A digital response to rapid urbanisation

The latest issue of Communications Africa featured GSMA’s head of sub-Saharan Africa Angela Wamola, who explained how digital technology, and in particular mobile telecommunications, can help to deliver energy and water and improve waste collection

CAF mag storyCould digital technology improve waste management in places like Cote d’Ivoire? (Image source: GSMA)

Communications Africa (CAF): What inspired the development of this fund?

Angela Wamola (AW), head of sub-Saharan Africa, GSMA: Cities in Africa and Asia are faced with the concurrent challenges of rapid urbanisation, climate change, and persistent inequality. As we highlighted in our report Digital Solutions for the Urban Poor, these challenges make urban service provision particularly difficult for city governments and utility service providers. Inclusive utility services such as energy, water, sanitation, waste management and transport support urban resilience, which allows cities in low-and-middle-income countries (LMICs) to better withstand challenges related to population growth, climate change, and inequality.

CAF: Who is judging the applicants? What are they be looking for?

AW: An independent panel of experts appraise proposals based on the submitted material as well as recommendations from the GSMA and the Fund Manager. Successful grants will be awarded to start-ups, SMEs or social enterprises that leverage digital technology, especially mobile, to deliver urban services with socioeconomic, commercial and environmental impact.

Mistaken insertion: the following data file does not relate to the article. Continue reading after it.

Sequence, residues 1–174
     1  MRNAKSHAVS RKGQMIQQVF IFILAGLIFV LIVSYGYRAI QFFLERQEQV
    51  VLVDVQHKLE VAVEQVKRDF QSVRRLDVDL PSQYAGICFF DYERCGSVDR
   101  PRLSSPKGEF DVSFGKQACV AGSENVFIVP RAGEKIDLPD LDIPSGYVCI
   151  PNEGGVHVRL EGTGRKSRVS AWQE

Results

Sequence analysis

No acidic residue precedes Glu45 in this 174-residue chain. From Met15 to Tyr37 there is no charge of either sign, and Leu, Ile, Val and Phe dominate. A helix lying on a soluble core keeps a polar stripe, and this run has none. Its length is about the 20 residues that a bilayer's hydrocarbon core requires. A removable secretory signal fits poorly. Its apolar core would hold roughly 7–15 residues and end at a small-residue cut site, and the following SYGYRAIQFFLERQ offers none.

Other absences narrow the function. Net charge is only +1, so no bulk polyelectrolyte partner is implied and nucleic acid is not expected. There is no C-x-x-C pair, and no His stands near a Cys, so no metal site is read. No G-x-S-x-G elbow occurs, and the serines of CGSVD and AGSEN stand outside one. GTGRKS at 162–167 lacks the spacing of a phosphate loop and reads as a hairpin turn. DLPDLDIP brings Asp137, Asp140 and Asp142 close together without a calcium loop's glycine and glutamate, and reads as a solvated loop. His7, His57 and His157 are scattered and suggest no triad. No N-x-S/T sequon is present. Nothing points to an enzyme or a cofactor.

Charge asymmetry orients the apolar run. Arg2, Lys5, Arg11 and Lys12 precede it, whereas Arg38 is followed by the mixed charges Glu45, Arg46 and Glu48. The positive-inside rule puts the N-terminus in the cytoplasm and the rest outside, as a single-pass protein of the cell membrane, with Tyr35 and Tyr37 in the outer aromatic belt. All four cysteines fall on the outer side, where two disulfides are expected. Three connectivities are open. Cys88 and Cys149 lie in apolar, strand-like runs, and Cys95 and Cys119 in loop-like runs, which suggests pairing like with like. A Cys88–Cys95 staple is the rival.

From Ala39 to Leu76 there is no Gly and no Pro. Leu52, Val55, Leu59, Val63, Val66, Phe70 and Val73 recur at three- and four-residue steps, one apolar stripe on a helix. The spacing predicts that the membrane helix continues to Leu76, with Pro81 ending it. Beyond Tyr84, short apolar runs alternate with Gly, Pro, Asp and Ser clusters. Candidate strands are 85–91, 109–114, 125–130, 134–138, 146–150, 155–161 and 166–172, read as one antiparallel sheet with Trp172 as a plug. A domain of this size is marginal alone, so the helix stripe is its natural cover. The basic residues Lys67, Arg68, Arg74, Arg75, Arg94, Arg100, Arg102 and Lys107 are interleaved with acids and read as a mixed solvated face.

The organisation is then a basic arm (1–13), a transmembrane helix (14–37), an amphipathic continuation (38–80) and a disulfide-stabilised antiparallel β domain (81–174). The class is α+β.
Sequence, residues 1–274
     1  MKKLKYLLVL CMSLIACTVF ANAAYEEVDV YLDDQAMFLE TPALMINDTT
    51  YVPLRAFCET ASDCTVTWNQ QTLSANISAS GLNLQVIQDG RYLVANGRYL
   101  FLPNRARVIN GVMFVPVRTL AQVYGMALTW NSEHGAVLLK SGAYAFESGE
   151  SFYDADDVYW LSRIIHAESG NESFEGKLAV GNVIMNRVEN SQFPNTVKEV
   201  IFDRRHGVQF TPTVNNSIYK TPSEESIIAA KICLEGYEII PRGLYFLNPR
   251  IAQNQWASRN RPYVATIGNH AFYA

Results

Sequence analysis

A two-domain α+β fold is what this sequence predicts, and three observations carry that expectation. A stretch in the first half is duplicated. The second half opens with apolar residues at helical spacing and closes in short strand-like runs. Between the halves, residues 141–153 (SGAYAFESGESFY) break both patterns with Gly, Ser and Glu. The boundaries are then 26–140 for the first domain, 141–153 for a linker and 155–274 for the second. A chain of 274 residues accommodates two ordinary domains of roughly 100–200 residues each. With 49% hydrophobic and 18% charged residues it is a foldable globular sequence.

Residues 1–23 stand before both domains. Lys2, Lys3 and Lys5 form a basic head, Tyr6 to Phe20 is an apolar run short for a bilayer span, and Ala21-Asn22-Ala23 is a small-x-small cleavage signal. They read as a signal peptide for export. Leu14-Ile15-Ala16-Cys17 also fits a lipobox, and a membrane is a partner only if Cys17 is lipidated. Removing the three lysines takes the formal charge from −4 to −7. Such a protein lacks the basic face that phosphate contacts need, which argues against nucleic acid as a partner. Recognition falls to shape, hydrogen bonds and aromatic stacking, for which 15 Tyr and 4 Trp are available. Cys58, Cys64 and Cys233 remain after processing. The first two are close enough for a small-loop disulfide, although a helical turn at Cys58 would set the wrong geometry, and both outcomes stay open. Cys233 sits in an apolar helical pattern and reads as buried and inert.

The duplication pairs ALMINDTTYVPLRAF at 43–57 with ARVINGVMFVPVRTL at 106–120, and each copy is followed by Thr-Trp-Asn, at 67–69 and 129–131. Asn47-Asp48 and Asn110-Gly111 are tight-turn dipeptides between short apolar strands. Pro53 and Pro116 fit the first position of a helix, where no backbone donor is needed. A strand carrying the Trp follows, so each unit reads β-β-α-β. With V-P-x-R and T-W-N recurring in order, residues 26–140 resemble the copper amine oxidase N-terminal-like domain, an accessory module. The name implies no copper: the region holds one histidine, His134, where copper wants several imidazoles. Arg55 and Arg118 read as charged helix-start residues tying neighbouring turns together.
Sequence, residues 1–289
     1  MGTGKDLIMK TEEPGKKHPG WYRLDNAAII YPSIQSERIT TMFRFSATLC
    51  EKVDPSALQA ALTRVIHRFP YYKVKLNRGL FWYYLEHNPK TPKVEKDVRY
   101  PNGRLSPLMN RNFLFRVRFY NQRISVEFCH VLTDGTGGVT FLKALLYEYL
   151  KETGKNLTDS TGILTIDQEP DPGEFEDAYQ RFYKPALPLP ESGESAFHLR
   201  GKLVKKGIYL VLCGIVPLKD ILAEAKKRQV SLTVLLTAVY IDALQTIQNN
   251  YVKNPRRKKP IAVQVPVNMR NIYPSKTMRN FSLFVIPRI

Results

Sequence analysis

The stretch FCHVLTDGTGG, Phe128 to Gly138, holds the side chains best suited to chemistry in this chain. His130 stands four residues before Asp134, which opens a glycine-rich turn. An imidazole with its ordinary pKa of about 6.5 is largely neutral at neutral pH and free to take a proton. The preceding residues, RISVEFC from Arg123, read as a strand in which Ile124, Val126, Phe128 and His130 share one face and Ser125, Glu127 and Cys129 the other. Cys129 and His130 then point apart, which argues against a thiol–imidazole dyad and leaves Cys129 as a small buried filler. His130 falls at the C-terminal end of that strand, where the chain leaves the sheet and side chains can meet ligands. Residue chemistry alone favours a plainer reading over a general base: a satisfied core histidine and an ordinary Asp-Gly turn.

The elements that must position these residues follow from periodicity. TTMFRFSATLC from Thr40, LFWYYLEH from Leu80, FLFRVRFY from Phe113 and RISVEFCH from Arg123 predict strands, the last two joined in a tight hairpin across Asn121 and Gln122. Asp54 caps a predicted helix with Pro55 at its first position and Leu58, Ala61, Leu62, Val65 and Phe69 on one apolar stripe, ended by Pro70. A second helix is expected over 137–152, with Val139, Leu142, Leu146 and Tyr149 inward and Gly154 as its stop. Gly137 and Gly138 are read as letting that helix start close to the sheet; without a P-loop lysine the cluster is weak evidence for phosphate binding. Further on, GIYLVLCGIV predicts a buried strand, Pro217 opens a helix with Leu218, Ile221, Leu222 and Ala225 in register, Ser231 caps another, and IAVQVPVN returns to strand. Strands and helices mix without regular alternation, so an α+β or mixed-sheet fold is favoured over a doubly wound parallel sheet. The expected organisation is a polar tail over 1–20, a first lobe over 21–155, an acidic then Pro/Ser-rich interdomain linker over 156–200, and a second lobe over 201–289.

CAF: Is it right to argue that mobile communications in particular can better and more quickly reach informal housing than fixed?

AW: Digital solutions can unlock business models with the capacity of extending service provision to low-income urban populations. For example, prepaid smart meters in the water sector can make safe water sources more affordable to low-income populations who otherwise rely on variably priced, unsafe sources. There is also growing recognition that ‘downstream’ innovations in plastic supply chains will help ensure that global and domestic brands have a consistent supply of high-quality recycled plastic and enable ‘upstream’ innovation where products use less virgin plastic and are designed to be reused or recycled.

Read the full article in the latest issue of Communications Africa


Donovan Larsen

Donovan is a columnist and associate editor at the Dark News. He has written on everything from the politics to diversity issues in the workplace.

Related Articles

Leave a Reply

Your email address will not be published. Required fields are marked *

Back to top button